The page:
Mayor plans to intensify Cannelton cleanup efforts

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By Kevin Koelling, Managing Editor

Recipient of city letter calls it politically driven

CANNELTON - Cannelton Mayor Smokey Graves wants to clamp down on people who allow their properties to remain unsightly, and has enlisted the aid of the county sanitarian in that effort. One city resident, however, said a cleanup notice he received was politically motivated, a charge denied by the city's building inspector.

"Jermie (Farmer) and I were out this week investigating some properties," Graves said in a call to The News March 13. Farmer "is putting some letters together; you'll see some emphasis on that in coming months."

City officials have fought for years to get some of the city's residents to comply with a property-appearance ordinance.

"We may need to change some ordinances to put some teeth in them," Graves said.

Nearly a complete change in city leadership occurred at the first of the year as a result of a November election, but the previous administration had fought a continuing battle against tumble-down and debris-strewn properties. Their efforts, led by then-Building Commissioner Mary K. Young, were more organized and regular than in previous years, and Graves wants to streamline them further to compel residents to become more responsive to notices they're violating city rules.

Residents can contribute to the effort voluntarily when street-department workers conduct an annual spring cleanup April 7-11, picking up oversized and other items normally prohibited from regular trash-collection runs.

In his phone call, Graves said some residents seem to exhibit contempt for the city. He cited as an example removal of an old mobile home from the corner of Herzeele and Seventh streets. While that run-down structure was removed, a trailer that is barely more than a frame, two wheels and a hitch replaced it, sporting "smiley-face" balloons.

Dennis Wardrip, 602 20th St., Tell City, who recently purchased the property, said he put the balloons on the trailer "just for anyone passing by, just smile and be happy."

"The whole thing is politics," he said of a demand from Building and Codes Inspector Bruce Myers that he clean up the lot. "Eugene (Fulkerson)'s wife ran for office, and I put her sign up there (on the lot). That's what this is about."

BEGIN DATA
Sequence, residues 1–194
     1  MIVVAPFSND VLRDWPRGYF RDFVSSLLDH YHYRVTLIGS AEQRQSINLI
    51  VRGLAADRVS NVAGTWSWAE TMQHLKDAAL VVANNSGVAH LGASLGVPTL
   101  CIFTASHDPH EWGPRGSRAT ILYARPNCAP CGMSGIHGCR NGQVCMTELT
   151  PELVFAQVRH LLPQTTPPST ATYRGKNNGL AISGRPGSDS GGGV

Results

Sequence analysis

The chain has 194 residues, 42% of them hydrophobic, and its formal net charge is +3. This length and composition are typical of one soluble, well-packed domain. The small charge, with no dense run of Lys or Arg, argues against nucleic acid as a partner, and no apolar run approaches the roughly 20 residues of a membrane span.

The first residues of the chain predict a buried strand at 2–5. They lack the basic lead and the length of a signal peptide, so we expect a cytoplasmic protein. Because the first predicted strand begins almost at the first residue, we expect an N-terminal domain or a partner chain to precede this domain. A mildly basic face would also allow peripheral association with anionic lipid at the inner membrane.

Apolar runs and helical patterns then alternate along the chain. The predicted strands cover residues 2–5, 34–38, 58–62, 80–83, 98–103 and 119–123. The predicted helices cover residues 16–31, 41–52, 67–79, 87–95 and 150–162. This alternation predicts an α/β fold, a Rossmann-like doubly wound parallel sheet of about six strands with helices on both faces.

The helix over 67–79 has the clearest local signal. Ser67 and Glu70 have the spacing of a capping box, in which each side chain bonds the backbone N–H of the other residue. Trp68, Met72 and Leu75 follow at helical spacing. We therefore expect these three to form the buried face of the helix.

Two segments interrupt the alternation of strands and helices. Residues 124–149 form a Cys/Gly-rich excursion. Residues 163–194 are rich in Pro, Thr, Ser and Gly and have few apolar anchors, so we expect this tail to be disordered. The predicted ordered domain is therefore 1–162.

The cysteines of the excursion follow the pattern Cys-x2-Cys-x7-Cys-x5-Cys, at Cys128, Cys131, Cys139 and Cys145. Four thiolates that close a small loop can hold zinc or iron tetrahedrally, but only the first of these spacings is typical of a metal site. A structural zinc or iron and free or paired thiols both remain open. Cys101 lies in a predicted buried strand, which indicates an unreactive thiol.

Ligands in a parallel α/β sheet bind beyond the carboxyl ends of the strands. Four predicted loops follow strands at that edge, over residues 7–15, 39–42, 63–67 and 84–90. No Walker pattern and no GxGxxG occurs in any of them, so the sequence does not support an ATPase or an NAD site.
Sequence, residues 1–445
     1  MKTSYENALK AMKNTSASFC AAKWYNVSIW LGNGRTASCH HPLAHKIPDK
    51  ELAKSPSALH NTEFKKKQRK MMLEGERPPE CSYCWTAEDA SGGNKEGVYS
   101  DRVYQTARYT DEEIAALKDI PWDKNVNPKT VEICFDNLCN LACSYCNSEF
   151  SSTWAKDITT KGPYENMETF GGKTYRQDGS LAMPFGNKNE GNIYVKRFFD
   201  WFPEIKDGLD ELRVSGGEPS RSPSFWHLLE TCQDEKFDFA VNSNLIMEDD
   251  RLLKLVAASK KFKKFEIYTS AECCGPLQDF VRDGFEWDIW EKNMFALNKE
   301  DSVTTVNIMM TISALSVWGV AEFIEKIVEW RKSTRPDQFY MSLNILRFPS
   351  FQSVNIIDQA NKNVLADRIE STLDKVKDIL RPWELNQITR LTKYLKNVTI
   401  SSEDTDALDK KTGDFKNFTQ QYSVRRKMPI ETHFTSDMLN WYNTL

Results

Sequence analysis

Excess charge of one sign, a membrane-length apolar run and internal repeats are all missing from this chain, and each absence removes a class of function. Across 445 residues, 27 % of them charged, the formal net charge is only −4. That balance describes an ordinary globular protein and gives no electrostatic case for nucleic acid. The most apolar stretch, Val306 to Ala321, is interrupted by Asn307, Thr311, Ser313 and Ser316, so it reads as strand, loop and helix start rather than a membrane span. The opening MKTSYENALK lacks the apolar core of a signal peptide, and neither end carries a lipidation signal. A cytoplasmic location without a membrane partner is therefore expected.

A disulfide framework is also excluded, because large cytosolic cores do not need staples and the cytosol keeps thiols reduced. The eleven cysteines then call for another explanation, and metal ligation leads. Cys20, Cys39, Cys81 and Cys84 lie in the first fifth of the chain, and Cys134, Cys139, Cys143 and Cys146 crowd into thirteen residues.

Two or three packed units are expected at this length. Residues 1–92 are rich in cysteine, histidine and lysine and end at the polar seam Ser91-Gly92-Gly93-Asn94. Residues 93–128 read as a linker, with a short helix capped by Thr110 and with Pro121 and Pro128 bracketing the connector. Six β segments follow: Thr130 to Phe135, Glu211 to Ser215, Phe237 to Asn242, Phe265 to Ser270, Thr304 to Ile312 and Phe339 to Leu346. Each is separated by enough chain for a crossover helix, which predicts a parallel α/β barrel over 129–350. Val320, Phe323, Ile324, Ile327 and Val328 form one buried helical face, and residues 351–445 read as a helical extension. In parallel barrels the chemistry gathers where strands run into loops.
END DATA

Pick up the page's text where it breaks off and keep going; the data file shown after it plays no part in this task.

Myers served on the city council until he was defeated by Lynn Fulkerson, who nabbed four more votes than he did, and the District 1 council seat, in November's election.

Myers sent him a letter, Wardrip said, about the mobile home and a car parked on the property while it awaited repairs at the nearby Fulkerson Body Shop.

"Out of all the mess in Cannelton, he came after me on that trailer," Wardrip said.

He and Eugene Fulkerson pointed to a shed on a nearby lot, saying it belongs to Myers. From Wardrip's lot, its fallen-in roof is visible. A short drive around to its opposite side reveals walls, too, have collapsed, making the building an eyesore and a danger. A pile of limbs and brush also detracts from the appearance.

Myers' letter to Wardrip had called the car, whose need for body work was evident, a hazard to area children.

"That's simply not true," Myers said Monday of Wardrip's claim his clean-up demand was politically motivated. Cleaning up the city was a priority for him during his time on the council, he said. "I ran my campaign on it and feel like I did that throughout my four years."

His current job "is making sure property owners in the city abide by our ordinances," he said. "I take pride in my job."

He is simply "starting on that end of town" in identifying properties violating the property-appearance ordinance, he continued. "Mr. Wardrip is not the only one who got a letter. No one is being targeted. If you comply, you're OK. I'm going to make sure everybody complies."

The shed, Myers explained, is on a property that was next to his until he bought it "for the sole purpose of cleaning it up. It looks 10 times better than when I bought it."

The roof fell in this winter, he said, "and as soon as the weather breaks, it will be cleaned up."

The brush pile is a result of cleaning up the property "from where what we call a tornado came through," Myers said, and includes tree debris from neighbors. "That has been a joint thing; neighbors all put limbs on that pile," he said, adding "we hauled many, many truckloads of limbs down behind the floodwall after the tornado. There has been a big cleanup effort on the part of this whole block."